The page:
I can comiserate with Brad in that sometimes there just isn't anything I want to blog about. And consciously looking for things to blog about usually results in a more lacklustre blog post - IMO of course.. I think my blog is personal in the way it's written, but I simply write about the things that interest me and the things that I think people will find useful or interesting. I don't go searching for those things. If they appear, then they might get blogged. Most of what is going on in other parts of my life would likely be neither interesting nor useful to anyone, so  that stuff just doesn't get  through the filter. Some people have no filter at all. Myself, I have a fairly substantial filter. There are two issues that sometimes gnaw at me in this respect:

My private life is mine. You will likely never see an "uh-oh...he's finally lost it" post here. If I need that kind of outlet (and I likely will at some point) it will be done under a pen-name somewhere else. If I need to relate my personal state of affairs about something on this blog  then I would likely pass it through my standard question: "would I be ok with everyone I currently know reading this post?" If the answer is anywhere close to no, then I don't post it.

There is also the issue of my livelihood. I don't write about my work, and I don't write about people I work with or deal with. The last thing I need is this blog to come back and haunt me 10 years from now when people I know are actually reading blogs.  It's funny because I never really admitted that to myself until I listened to the recent Bitterest Pill podcast in which Dan Klass says he needs a break. He relays a story about how he was chatting with another father at a school function where he described what it is he does (this whole podcasting schtick). He told the guy what it was called and basically gave him a quick description of what it is. Well of course one of the things Dan is good at is describing the social retardation of many of his parent-peers, he does it with vigor. Anyway, he sees the guy sometime later and the guy is just pissed. He listened to the podcast and felt that Dan was ridiculing everything this guy was about. Not a happy camper. Dan also goes on to say that he's now constantly worried about how his podcasts will affect his relationship with other non-immediate family members. His wife asking "Did you say such-and-such about so-and-so on the podcast?" is becoming more commonplace. He's basically not ready to run roughshod over his family's personal life for the sake of his podcast.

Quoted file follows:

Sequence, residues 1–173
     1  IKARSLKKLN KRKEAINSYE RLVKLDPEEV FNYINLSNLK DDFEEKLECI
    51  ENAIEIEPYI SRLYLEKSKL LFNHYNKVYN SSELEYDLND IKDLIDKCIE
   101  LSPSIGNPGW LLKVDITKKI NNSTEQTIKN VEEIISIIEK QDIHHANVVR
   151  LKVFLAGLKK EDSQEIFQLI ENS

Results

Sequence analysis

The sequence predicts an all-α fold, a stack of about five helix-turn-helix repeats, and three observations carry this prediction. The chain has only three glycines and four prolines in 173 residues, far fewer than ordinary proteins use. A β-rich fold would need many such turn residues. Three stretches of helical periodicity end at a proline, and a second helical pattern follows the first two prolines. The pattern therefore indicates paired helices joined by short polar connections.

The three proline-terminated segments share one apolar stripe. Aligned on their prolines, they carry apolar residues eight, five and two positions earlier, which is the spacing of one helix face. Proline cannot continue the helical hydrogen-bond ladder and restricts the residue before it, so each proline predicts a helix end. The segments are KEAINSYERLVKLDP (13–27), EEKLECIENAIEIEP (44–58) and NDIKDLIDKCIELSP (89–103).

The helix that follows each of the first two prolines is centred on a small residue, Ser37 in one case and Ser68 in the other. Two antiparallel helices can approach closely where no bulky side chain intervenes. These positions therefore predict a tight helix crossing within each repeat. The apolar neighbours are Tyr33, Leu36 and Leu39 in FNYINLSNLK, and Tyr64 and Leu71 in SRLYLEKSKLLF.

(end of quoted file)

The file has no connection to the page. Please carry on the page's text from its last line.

Now of course, I don't have a ton of subscribers (speak up you four!!) but it would seem pretty likely that someone I work with or deal with will eventually google me and read what I write here. So as anti-ballsy as it might sound, I'm not going to jeopardize other areas in my life for the sake of my blog. I want to be proud (or at least not ashamed) of what I write here.  So Brad, if it takes weeks for you to find something *you* feel is worthy of posting, then let it be weeks.

Ubuntu related comments...

In the comments to my previous post about Ubuntu, Earl Moore of Meandering Passage had a couple of questions. I thought I'd address them in a post just in case this discussion might be of interest to others. And of course others might want to leave their own comments on the subject. Here are Earl's comments to my post:

Richard, I've got a few questions I hope you won't mind answering.

Is Ubuntu being used as your primary computer desktop?

If so, what's been the biggest pro and con points of using it as such?

What would you consider the minimum hardware requirement for running Ubuntu with reasonable performance?